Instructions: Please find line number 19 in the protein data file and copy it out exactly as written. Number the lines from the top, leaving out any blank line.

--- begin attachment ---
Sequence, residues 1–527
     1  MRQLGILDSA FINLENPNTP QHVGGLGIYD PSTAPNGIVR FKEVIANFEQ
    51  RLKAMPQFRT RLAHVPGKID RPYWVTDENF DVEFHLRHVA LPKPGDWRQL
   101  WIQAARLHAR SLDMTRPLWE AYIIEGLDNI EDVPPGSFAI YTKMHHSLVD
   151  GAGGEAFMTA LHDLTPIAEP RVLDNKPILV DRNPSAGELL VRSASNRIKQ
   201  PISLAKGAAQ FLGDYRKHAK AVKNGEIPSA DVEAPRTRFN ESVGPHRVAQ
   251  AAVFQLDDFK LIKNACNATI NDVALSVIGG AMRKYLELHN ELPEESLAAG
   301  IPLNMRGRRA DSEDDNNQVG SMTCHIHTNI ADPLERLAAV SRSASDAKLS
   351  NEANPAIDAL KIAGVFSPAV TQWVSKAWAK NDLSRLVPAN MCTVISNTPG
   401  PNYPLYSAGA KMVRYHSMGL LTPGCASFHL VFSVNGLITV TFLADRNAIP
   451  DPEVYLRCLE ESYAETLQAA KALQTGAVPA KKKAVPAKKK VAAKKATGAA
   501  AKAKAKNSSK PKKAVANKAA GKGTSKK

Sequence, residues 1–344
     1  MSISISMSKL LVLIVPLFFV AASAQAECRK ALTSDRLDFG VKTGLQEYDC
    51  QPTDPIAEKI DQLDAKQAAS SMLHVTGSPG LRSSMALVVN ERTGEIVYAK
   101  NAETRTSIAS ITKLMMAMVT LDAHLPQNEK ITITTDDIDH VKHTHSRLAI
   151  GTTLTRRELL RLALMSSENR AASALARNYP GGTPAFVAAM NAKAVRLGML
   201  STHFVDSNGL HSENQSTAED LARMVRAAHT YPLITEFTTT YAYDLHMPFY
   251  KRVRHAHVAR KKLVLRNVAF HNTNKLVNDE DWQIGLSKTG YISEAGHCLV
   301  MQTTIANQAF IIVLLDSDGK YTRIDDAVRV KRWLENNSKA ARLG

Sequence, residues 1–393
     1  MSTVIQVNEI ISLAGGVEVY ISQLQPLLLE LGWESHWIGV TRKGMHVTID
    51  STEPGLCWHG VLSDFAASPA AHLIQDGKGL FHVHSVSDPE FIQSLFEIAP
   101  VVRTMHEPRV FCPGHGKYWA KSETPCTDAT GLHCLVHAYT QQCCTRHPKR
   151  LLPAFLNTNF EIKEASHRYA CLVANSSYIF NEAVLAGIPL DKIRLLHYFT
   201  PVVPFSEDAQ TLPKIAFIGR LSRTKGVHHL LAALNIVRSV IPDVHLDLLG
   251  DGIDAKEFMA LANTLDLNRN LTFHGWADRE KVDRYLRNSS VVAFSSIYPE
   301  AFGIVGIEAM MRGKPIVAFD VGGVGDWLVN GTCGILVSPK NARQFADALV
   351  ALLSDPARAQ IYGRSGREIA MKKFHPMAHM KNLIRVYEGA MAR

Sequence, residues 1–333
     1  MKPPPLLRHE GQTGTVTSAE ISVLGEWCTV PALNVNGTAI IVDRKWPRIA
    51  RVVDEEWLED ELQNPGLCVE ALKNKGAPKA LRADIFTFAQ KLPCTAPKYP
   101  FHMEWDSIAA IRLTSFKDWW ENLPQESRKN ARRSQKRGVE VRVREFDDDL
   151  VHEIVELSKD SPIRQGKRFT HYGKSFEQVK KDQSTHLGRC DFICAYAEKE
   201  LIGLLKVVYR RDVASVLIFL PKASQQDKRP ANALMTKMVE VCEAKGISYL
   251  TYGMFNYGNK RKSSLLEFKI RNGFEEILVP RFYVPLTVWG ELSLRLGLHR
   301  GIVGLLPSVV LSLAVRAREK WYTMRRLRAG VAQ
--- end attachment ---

   251  KRVRHAHVAR KKLVLRNVAF HNTNKLVNDE DWQIGLSKTG YISEAGHCLV